Mortgage rates fell for the first time in four weeks, averaging 3.60 percent, down from 3.66 percent. That’s a big drop. A year ago at this time, the average 30-year, fixed-rate home loan was 4.04 percent, according to Freddie Mac.
Rates on home loans have been below 4 percent all year and have averaged less than 3.7 percent for the past 10 weeks, a boon to both buyers and sellers.
Borrowing got cheaper for homeowners after last week’s employment report, which showed the economy created only 38,000 jobs in May, a big disappointment.
“Growing optimism about the state of the economy was quickly erased with May’s employment report,” Freddie chief economist Sean Becketti said. “The disappointing release caused an immediate flight to quality resulting in the 10-year Treasury yield dropping 10 basis points on Friday. The 30-year fixed-rate mortgage responded by falling 6 basis points to 3.60 percent.”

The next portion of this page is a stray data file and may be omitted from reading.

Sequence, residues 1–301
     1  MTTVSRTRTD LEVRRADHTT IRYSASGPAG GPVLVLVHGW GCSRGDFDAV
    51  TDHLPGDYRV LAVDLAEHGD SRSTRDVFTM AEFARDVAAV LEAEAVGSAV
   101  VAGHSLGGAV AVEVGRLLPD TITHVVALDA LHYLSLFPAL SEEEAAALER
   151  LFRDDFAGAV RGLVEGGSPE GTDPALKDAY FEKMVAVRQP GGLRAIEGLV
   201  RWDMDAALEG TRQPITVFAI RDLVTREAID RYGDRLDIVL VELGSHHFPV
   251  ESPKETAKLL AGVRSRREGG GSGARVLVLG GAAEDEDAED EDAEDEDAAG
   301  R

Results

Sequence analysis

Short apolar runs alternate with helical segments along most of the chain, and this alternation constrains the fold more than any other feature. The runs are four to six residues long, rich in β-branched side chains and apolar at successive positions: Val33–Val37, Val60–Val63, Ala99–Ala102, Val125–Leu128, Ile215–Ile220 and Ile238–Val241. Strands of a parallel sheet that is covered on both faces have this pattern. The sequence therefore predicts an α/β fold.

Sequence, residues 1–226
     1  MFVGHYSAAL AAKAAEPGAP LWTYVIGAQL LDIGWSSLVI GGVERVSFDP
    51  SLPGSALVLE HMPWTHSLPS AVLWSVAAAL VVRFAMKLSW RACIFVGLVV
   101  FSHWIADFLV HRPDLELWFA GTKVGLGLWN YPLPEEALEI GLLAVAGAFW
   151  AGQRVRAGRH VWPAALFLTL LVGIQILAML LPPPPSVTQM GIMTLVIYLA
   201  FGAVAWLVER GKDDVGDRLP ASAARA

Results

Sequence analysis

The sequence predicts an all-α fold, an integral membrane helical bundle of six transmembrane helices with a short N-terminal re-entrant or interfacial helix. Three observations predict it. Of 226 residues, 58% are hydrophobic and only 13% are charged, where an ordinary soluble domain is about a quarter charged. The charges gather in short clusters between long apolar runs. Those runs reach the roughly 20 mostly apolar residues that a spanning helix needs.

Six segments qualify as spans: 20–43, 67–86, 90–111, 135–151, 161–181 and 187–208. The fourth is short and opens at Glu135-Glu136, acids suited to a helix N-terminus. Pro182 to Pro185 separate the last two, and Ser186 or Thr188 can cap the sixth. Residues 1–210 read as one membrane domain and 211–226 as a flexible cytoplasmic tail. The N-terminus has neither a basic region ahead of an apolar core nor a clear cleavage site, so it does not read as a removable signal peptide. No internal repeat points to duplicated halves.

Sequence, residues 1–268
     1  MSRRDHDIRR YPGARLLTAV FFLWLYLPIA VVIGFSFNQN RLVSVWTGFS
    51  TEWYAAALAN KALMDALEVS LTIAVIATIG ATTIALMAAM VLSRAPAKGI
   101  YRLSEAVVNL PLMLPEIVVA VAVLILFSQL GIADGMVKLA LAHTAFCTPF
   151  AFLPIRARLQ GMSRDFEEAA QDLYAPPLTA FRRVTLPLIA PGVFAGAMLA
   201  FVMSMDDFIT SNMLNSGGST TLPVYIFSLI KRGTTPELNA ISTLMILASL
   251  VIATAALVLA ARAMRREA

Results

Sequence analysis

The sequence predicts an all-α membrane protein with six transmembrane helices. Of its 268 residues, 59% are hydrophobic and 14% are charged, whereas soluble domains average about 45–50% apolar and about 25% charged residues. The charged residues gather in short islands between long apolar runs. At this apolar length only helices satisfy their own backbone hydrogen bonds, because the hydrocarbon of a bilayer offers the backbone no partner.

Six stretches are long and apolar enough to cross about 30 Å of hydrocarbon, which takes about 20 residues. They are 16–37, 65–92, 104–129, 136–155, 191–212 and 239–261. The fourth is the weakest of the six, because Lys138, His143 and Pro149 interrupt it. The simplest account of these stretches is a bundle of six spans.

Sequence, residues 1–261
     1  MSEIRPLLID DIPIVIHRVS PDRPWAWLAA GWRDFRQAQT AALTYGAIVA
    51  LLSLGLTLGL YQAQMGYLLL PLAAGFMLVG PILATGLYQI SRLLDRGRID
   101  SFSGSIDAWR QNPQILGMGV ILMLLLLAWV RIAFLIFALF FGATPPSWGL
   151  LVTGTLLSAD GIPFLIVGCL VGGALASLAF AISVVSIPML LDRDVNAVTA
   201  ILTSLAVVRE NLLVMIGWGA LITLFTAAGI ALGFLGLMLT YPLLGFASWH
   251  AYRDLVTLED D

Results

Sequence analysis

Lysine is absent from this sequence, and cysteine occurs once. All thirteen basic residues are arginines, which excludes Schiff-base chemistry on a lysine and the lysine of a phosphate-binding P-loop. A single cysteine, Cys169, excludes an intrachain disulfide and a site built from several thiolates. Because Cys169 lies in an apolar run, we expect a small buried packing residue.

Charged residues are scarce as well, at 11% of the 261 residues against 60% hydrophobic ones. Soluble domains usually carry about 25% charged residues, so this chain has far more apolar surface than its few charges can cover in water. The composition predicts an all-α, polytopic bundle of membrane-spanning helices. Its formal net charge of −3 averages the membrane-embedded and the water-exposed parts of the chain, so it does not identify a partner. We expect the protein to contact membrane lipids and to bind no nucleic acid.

Federal Reserve Chair Janet Yellen signaled on Friday that her team, out of an abundance of caution, isn’t likely to raise their benchmark rate when Fed policymakers meet next week. In a speech, she sounded an upbeat note on housing.
“Both home sales and construction have been gradually improving,” Yellen said. “Housing has been supported by low mortgage rates, and while mortgage credit is still difficult to obtain for households with low credit scores or hard-to-document income, those with good credit histories are generally able to borrow at very favorable terms.”
Policymakers and markets are skittish about the economy’s uneven growth and many people are worried about potential shocks to the system coming down the pike. But for now, the U.S. housing market is reaping the benefits of that unease — cheap rates.